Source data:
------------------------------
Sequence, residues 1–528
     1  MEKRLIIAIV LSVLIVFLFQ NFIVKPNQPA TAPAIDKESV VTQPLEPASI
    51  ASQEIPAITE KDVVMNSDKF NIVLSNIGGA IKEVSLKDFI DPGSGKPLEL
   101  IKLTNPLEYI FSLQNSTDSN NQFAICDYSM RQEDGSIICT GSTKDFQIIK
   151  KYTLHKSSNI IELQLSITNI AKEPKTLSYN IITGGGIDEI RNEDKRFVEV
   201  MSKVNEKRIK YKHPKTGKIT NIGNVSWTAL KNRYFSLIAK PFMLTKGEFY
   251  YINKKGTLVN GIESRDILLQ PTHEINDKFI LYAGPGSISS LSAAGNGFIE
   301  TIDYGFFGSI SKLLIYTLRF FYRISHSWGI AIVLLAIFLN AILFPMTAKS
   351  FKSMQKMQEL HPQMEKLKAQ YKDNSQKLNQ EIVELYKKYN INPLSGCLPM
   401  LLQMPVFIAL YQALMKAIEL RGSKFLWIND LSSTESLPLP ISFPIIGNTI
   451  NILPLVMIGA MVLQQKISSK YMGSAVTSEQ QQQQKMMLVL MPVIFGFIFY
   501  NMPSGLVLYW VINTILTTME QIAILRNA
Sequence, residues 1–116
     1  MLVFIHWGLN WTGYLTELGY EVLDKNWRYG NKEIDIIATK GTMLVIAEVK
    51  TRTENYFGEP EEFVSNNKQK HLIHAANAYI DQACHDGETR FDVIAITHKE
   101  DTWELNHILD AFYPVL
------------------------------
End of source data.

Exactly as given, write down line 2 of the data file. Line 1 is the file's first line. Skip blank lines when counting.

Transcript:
     1  MEKRLIIAIV LSVLIVFLFQ NFIVKPNQPA TAPAIDKESV VTQPLEPASI